Tuesday, March 2, 2010

Pioneer woman? Not so much.

Last week's storm was a good'un. Some people were annoyed that their cable was out for a day; others are still waiting for electricity and heat to resume after almost six days. I'm somewhere between the two.

Power went out Thursday. I decided to stay home Friday. I relished in the fact that I was sans technology. I cleaned (very unusual). I stitched. I read. I journaled. I was starting to feel pretty accomplished. Then I looked at the clock. Noon. Wow. A day without TV . . . is a much longer day. But I went with it. I stayed on the couch, by the window, and did all my favorite Kelly things.

Once in a while, I got up to see whether anything new had appeared in the fridge. And I had a bit of a duh moment while eating lunch: Eating isn't as interesting when the TV isn't on. Without the trance of that glowing box, suddently eating was something I was very aware of. I was aware that I wasn't hungry. And I felt a bit . . . limited in my actions, frankly, because I was eating. I didn't finish lunch. (This reminded me of when I briefly was a smoker in college. I resented the fact that I couldn't go inside a building until I was finished smoking. Cigarettes, to me, started to feel like a friend who wouldn't shut up. I had to finish my smoke before I could do anything else, leaving me practically tapping a toe and becoming impatient. Much the same, holding a bowl and fork meant I couldn't hold a book, so I lost interest.)

I read and wrote until the sun went down, holding my journal up to the window to capture the last minutes of light to finish an entry. I lit a few candles, sat back on the couch, and looked around. Now what? What the hell is a person going to do from 6-10ish alone in the dark? I read by candle light--but they were Yankee candles and gave me an awful headache. I played mah jong on my laptop until the battery died. I brushed Millie the cat. For the first time in a very long time, I was bored. I heard myself sigh. I listened to my neighbors bang around in the dead silence. I thought about stuff. I read some more. Eventually it was time to sleep.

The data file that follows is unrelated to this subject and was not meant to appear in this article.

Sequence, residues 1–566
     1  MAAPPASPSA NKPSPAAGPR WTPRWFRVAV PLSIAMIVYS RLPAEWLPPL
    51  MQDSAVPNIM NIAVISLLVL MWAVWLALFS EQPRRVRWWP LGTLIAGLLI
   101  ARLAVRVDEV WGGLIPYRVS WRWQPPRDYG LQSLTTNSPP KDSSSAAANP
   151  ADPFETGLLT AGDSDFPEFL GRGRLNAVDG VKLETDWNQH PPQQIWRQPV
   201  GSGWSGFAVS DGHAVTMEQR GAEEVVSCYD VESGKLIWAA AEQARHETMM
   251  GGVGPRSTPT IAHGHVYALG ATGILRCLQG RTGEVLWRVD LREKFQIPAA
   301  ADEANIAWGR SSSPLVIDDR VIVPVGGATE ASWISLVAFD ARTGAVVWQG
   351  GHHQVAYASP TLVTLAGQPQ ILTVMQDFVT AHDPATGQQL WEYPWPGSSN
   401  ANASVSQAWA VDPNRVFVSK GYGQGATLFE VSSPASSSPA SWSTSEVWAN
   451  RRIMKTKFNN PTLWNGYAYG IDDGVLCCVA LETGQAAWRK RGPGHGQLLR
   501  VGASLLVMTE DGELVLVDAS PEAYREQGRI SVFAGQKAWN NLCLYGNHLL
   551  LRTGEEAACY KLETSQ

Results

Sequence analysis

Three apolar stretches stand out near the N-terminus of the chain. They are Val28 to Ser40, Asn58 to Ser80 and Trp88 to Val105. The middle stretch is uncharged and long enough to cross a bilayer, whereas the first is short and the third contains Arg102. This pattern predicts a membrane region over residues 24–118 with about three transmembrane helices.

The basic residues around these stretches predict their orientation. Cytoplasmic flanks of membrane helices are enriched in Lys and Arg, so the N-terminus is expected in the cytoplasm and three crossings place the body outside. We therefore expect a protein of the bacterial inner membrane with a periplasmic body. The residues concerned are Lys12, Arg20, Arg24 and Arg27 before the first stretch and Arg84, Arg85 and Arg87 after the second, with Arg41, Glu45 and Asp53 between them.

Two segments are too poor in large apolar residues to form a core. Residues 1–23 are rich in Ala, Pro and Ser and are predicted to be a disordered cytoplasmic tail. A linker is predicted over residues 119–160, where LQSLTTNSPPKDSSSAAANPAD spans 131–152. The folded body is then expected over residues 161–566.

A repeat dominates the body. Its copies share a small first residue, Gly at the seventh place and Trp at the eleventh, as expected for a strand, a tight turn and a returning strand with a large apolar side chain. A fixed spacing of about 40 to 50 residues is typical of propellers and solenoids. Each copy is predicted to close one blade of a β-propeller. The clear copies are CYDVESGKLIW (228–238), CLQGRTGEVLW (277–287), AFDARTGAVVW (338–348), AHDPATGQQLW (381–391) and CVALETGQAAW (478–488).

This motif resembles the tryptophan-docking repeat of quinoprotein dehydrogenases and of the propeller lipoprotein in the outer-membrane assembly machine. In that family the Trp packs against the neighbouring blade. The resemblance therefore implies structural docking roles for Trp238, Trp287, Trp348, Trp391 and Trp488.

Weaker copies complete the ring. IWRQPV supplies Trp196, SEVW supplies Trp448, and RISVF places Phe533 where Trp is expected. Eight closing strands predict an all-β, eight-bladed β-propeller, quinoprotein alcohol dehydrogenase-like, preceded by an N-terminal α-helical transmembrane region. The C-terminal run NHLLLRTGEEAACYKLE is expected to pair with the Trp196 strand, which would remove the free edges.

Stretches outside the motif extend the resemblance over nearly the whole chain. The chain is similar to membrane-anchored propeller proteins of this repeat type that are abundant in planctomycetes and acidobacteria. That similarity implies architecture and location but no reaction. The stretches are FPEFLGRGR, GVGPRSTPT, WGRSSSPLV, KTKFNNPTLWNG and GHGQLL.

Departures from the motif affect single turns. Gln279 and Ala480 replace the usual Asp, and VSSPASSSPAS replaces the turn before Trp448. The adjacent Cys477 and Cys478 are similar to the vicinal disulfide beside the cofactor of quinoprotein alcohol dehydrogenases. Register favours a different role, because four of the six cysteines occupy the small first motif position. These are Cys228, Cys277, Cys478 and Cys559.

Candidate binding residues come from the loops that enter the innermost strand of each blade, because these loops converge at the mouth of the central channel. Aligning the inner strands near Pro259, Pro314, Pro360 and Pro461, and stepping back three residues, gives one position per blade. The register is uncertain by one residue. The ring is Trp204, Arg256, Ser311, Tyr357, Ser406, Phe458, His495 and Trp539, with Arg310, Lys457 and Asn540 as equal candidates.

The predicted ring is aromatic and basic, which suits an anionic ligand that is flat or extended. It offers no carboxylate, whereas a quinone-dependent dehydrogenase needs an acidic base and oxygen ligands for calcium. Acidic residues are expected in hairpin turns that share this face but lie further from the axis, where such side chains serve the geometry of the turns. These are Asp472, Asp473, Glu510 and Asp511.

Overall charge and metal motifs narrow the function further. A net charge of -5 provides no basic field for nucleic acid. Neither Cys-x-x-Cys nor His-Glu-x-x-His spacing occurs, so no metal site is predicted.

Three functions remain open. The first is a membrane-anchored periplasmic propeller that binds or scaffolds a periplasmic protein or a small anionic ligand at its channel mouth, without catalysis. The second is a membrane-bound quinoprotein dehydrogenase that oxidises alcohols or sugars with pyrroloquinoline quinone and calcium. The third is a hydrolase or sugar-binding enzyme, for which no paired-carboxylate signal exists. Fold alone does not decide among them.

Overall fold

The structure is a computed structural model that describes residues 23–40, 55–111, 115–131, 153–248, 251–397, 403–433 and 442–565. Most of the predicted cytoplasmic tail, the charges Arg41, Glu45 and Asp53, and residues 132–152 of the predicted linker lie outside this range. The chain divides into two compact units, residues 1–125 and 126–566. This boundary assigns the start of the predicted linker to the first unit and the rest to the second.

Saturday was more of the same, but colder as the heat left the apartment. Millie was amused as I fumbled through my camp gear and announced a triumphant A-ha! when I got to my headlamp and wind-up radio. Wind wind wind wind wind. Static tsssssssssss.............NH doesn't offer much for radio stations. I listened to some lousy country music, some bad soft rock. I found myself singing along to Peter Cetera. Time? 6 a.m.

The cold and quiet were starting to bother me, so I took a whore's bath and got on the road to Mom's, knowing she'd have the generator going. The ride there was nifty. Durham later called the storm "Tree-mageddon" in the local paper, which was apt. Big pines were down everywhere, roots and all. I drove by a cemetary in which all the trees were broken in half or just ripped up out of the ground. A bleak site.

Exeter was underwater. Most roads had detours. Route 108 just south of town had a large amount of water running over it. I saw a couple pickups slowly drive across. I saw the DPW truck in my rearview, surely coming to close it down. I said fuck it why not and plunged forth. It was one of my blonder moments. I had visions of being that asshole on the news, sitting on her car, waving to the helicopter for help. I pictured my stepfather watching the news and saying to my mother, "Not very bright." before looking closer and realizing it was me. But I got across. Don't fuck with a determined girl in a Ford Focus.

Saturday night I got my power back. By Sunday much of the water had subsided and mostly what was in the road was brush left behind from tree removal. I put away my gear and enjoyed a long, hot shower. And while I consider myself something of a back-to-nature gal, I realize that I only like camping on my terms. And with someone.

Note: There are so many good pictures out there, but I am unable to attach them. Thebostonchannel.com has good photos such as this, and Foster's Daily Democrat published stories about each town in the area, along with photos. This was about Newmarket.

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